By 2022, though, I'd cooled off a little: "We're on Season Four now and I'm not quite convinced it's as strong as the previous three". At the time I wrote that I'd only seen the first three episodes and I was prepared to reserve judgment but by the time I'd seen them all I found I didn't need to revise my opinion all that much. I still enjoyed the show a lot but it definitely didn't seem to have either the focus or the bite it once had.

Season Five does little to reverse that trend. I still loved it but I loved it as a fan. As a critic, I'd say it felt a little baggy in places. There were a lot of fight scenes. Visually it remains a treat, filled with fleeting gags that demand heavy use of pause and rewind. The voice acting was on point as always although I felt the dialog wasn't always quite as sharp as I remember from the early years.

The characters remain as loveable as ever, many of them even more so, with the show's unusual but extremely welcome habit of remaining ever-open to genuine emotional growth and personal redemption. The show has a vast cast of recurring characters, some of whom, like Mop Girl, graduate from background artiste to starring role. Others shift from villain to hero or at least become the kind of people who try to do the right thing once in a while.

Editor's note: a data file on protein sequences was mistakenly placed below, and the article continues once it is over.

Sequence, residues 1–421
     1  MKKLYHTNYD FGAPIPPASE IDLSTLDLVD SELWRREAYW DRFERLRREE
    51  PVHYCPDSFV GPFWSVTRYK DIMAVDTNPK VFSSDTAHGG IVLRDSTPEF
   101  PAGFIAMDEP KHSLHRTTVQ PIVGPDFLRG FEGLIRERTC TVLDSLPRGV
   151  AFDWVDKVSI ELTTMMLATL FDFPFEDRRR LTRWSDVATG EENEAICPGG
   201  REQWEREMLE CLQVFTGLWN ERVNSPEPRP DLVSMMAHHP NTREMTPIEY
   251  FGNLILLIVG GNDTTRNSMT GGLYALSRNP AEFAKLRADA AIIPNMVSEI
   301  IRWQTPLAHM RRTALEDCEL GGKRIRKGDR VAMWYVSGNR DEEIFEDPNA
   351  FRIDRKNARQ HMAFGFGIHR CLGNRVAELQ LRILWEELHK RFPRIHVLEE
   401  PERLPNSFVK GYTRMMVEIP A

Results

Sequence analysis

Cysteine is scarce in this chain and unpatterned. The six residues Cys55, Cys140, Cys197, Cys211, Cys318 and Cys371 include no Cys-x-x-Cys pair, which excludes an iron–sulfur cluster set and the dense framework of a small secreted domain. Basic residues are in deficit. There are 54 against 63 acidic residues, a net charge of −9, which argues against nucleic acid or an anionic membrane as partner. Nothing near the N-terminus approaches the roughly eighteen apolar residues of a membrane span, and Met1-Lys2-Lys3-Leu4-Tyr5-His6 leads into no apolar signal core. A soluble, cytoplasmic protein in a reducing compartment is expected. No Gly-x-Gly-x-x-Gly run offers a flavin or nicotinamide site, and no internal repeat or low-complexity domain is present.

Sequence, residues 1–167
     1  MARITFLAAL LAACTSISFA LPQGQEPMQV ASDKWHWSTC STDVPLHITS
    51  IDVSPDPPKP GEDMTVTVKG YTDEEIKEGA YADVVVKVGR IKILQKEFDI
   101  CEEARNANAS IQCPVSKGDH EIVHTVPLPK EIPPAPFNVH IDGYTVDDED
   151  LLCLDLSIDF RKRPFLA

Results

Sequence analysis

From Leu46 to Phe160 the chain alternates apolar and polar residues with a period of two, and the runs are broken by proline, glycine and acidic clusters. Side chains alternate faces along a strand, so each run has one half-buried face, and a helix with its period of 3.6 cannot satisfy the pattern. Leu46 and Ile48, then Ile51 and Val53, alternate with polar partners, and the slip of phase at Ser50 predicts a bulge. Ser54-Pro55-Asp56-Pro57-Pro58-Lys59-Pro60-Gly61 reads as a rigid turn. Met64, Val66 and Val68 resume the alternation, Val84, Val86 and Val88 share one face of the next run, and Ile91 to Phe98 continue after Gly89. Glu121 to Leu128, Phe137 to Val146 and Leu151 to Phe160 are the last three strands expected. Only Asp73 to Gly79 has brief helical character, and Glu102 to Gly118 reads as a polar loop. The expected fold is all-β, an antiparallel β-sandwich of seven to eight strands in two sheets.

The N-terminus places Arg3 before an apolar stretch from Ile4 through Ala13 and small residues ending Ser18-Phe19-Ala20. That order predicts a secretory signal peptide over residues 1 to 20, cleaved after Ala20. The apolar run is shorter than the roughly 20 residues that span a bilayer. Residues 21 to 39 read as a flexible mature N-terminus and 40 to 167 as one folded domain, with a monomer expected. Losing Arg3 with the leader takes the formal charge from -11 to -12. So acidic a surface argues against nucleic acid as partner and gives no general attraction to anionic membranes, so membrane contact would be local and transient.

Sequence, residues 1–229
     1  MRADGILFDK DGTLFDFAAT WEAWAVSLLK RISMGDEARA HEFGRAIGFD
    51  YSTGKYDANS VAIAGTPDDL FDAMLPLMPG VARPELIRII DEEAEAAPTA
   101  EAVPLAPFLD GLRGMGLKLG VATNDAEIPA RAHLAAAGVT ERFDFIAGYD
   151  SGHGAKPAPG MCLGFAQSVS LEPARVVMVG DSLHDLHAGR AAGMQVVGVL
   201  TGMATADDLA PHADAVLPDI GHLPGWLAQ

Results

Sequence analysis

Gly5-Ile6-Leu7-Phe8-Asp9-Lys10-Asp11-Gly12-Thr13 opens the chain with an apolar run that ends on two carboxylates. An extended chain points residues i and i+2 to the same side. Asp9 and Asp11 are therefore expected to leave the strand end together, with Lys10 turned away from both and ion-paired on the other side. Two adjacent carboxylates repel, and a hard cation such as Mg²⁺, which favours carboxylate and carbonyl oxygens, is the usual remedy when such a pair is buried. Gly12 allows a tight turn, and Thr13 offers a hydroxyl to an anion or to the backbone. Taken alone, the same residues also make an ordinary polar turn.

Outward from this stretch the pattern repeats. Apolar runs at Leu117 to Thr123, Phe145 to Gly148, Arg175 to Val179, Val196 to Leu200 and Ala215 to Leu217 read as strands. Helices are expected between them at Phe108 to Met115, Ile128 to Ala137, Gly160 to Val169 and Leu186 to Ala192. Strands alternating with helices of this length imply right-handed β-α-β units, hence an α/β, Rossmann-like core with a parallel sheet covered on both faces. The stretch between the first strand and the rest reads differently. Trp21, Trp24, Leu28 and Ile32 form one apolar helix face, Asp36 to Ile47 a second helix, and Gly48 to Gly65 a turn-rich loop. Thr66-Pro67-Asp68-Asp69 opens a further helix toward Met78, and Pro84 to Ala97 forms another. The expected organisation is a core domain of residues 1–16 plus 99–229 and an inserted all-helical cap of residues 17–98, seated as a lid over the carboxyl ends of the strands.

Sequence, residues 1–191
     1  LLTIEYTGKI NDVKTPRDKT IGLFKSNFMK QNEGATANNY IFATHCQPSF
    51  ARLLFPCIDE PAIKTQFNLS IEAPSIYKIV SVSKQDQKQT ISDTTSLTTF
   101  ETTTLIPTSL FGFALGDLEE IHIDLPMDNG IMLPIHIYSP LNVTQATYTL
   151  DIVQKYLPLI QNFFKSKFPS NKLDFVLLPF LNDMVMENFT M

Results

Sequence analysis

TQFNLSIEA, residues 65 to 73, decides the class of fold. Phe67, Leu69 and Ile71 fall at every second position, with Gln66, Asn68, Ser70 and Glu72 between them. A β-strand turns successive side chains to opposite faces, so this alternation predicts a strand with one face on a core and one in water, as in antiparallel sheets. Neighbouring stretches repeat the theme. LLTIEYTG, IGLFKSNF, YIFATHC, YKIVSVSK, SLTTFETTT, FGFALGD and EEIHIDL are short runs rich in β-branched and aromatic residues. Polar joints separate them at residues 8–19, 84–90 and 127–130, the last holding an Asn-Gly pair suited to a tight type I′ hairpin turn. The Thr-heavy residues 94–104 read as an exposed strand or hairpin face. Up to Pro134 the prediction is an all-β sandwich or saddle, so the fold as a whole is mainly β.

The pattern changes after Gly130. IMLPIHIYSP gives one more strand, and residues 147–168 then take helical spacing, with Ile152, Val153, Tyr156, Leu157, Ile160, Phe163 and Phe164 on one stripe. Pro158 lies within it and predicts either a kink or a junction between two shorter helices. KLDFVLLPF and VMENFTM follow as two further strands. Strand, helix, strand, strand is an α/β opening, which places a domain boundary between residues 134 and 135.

The central characters, Bean herself, Luci, Elfo and King Zog especially, show so much personal growth across the five seasons they're scarcely recognizeable as the venal, vicious, stupid, selfish people we were introduced to back in Season One. Without spoiling any of the details, I will at least reveal that all of them, along with quite a few more, get very happy endings indeed; endings which, I have to say, seem entirely merited.

The overwhelming sense I got from the final episode was one of closure, which is what you want from something like this, I guess. I almost never let the credits play all the way through but for once I waited until the very end. I had the feeling there would be a final word of some kind and there was: the drawbridge to the castle winches up and the entire castle vanishes, just as if it had never existed at all.